It feels small and quite thin. The screen is remarkably responsive--I could sense no delay between my pressing an on-screen button and the phone's response to that finger-press. I typed on its on-screen keyboard with my index finger, and after about a minute, I felt that I was already well on my way to becoming a proficient iPhone typist. (The iPhone's software works very hard to figure out what you're trying to type, including taking note of what keys are near the one it thinks you pressed, in case your finger was just a bit off target.) And as you type, the keys "pop up," getting larger as if they're rising up to meet your touch, which gives you visual feedback that you're pressing the right letters.

The screen is impressively bright and remarkably crisp, thanks to a high pixel density of 160 pixels per inch (ppi). In contrast, the MacBook Pro has a pixel density of 110 ppi; the MacBook, 113 ppi; and the 23-inch Cinema Display, 98 ppi. The iPhone's screen is 320 by 480 pixels, meaning that the iPhone has twice as many pixels as the video iPod, but it fits them in an area that's 88 percent larger.


In any event, I can admit that I found it quite difficult to form complete sentences while I was holding the iPhone. In terms of sheer gadget magnetism, its power cannot be understated. One of the joys of using the iPhone is understanding that it's not just a press-and-hold interface, but rather one that you can control with numerous gestures, most of them fairly intuitive. When you're in a long list (such as a list of iTunes artists), flicking your finger on the screen makes the list scroll rapidly. To unlock the iPhone and start using it, you slide your finger across its face, a movement that made me feel as though I were unzipping the phone. Zooming in on an image or a Web page by poking at the area you'd like to enlarge with two fingers and then spreading them apart (Jobs called it "pinching") feels quite natural, too.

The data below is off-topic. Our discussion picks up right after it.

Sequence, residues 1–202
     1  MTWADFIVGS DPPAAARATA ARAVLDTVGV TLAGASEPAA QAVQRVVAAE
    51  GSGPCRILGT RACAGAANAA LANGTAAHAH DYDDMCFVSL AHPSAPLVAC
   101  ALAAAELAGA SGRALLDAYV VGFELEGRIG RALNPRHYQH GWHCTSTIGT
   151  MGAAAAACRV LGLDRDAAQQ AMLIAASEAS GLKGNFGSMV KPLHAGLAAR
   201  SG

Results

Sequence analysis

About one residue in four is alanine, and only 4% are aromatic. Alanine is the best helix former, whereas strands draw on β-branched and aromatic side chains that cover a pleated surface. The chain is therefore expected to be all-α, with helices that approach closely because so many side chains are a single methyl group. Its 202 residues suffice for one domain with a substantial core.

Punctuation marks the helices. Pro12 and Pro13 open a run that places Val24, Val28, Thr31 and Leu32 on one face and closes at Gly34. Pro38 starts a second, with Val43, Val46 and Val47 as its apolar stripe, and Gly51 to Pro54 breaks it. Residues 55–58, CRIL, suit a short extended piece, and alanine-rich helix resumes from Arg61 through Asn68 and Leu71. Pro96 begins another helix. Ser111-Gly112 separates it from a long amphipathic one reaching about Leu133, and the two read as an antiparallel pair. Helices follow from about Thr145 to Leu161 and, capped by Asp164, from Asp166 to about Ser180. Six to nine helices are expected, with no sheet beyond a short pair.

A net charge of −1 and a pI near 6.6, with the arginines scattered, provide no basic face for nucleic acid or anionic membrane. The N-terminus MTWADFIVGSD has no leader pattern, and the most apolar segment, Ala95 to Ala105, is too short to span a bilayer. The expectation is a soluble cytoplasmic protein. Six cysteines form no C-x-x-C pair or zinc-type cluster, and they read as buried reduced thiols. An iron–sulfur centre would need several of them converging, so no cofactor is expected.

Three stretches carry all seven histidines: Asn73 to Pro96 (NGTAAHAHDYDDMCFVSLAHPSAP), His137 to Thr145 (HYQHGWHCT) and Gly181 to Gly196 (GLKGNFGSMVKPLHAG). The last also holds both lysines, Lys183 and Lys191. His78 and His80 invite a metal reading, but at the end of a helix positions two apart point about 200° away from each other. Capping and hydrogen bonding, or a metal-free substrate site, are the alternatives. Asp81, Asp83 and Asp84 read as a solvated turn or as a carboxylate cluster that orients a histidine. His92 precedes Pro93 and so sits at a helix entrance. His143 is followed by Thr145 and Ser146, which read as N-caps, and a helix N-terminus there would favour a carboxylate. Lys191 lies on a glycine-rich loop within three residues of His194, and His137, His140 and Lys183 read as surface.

With five months between Expo and the iPhone's scheduled arrival date, it's clear that there's a lot more work for Apple's developers to do. We haven't seen all the software that will ship on the phone, nor do we really know details about how it'll let you browse important documents--for example, if someone e-mails me a PDF file, a Word document, or an Excel spreadsheet, will there be some way for me to display it? Apple officials assured me that the iPhone will support PDF, but they didn't offer any such assurances about other file formats. If the iPhone's not just a phone but also a revolutionary Internet-communications device, it'll need to be pretty versatile, and that means displaying (or editing) common document types.

Take it from someone who held one in his hand, if only for a moment.

This article was published on Friday 18 January, 2008.